My family regularly shopped at your Barrhaven and Kanata locations here in the Ottawa area. Due to this decision you can be sure that we won't be returning.
So some of you out there think I should help pay for institutionalized daycare. I don't bloody well think so:
It was a beautiful winter day to spend outdoors for the children at Le Petit Bourg daycare centre. For most of them, it probably felt a lot warmer than the -2 recorded that day in Quebec City, even with the slight breeze that grazed their faces.And how did the daycare respond to the parents concerns:
But the decision to leave 13-month-old Ludovick outdoors to nap for almost four hours has called into question the judgment of the daycare workers who thought it best to let the boy sleep, cuddled in a plastic car seat, rather than awaken him to take him indoors.
He and the baby's mother, Claire Ferland, immediately demanded a meeting with the daycare's administrator. Ms. Ferland told Le Soleil newspaper that she couldn't believe the explanations she was given as justification for letting her son nap outdoors in winter for so long.The only comment I have to make on this story is that in case any of you didn't know... Quebec already has institutionalized daycare.
"We were told things like: 'He has the warmest boots of everyone in the group,' or 'He breathes better outdoors.' They trivialized the incident and wouldn't even offer an apology," she said.
The parents filed a complaint with the province's child-protection authorities when it became obvious that the daycare found nothing abnormal about the incident.
So for all you pro-government-daycare folks, sleep well at night and don't let fear for little Sally's life affect your productivity while at work.
That after all would be bad for the economy... and we can't have that.
Since I'm trying to get myself back into a habit of writing I figure one of the first topics I should touch on is that of an MP switching parties in the manner of Belinda Stronack and David Emerson.
Andrew Coyne touches on the subject. He concludes:
And that's as it should be. Integrity in those we elect is not an issue like the rest, to be weighed against their positions on health care or fiscal policy. It is, or should be, a basic condition of office, a prerequisite. If at any time that comes into doubt, the doubt must be resolved immediately.Now, I'm not going to pick on Andrew since many people have similar opinions. The only reason I quote Andrew here is because his position is quite common and because I just happened to read it five minutes ago and it's fresh in my mind.
So I'm certainly comfortable with a law requiring MPs who cross from opposition to cabinet, or who are elevated to cabinet within x number of months of having crossed, to first obtain the voters' approval (that used to be the requirement, remember, for all cabinet appointees). Whether the same stricture should apply more broadly I leave open.
The problem I have with Andrew's opinion is twofold. First, he is openly admitting that for the most part, an MP is elected due to his party affiliation and not due to personal abilities or beliefs. Second, and most importantly, Andrew is essentially of the opinion that our government and our laws should be used to prevent people from voting their conscience.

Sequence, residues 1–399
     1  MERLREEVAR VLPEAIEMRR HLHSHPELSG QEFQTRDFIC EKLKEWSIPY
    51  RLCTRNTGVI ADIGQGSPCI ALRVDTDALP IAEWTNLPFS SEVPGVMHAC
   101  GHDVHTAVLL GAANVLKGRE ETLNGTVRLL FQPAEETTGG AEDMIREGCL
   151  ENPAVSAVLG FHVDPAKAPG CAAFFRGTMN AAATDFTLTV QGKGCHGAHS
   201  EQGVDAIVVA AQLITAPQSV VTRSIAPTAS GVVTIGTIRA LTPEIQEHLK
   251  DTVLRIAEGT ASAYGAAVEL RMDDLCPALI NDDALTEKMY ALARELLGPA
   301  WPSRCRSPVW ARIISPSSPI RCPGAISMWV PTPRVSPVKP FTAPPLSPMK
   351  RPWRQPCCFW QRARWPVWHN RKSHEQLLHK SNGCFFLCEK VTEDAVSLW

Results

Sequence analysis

In making that last statement I am in no way claiming that people who switch party allegiences are doing so out of some sort of moral conviction.
The problem in Andrew's approach though is that he wants to create a mess of laws dictating when an MP can vote against his party or switch party allegiances, and the consequences of doing so. Andrew... the last thing we need in this country are laws dictating how an MP should vote.
If an MP breaks his trust with his constituents then it is the constituents and them alone who are responsible in determining if the MPs actions were justifiable. How should the MPs constituents do this? Should we allow an MP to be recalled? Perhaps, I'm somewhat neutral on the subject.
In short, just because some people are justifiably upset when an MP switches parties, we have to be careful that we don't go to far in addresses these peoples anger. We have to be careful that the cure isn't worse than the disease and in this case, Andrew's cure is simply a poison pill.
Rarely do I have anything good to say about Jack Layton and his NDP party but today is one of those days. During the past federal election I was baffled when the NDP did not respond more forcefully to Liberal requests that NDP supporters should abandon their party in order to prevent a Conservative victory.
Well it seems today that the NDP have grown themselves a backbone:
The NDP has expelled Buzz Hargrove, the country's most prominent labour leader, for actively promoting strategic voting and Liberal candidates in last month's federal election.The NDP certainly made the right, as well as the principled, decision on this one. Though Hargrove is a huge financial and stategic contributor to the NDP they gave him the boot since he promoted the idea that the NDP should never be a governing party.
The Ontario NDP provincial executive voted yesterday to pull the membership of Hargrove, president of the Canadian Auto Workers, for violating the party's constitution regarding provisions against endorsing other candidates. It also automatically revokes his membership in the federal party.
Don't get me wrong, I'ld be horrified to see the NDP heading up our government but we must give them credit where credit is due.
Way to go Jack!
crossposted to The Shotgun
... that is the question.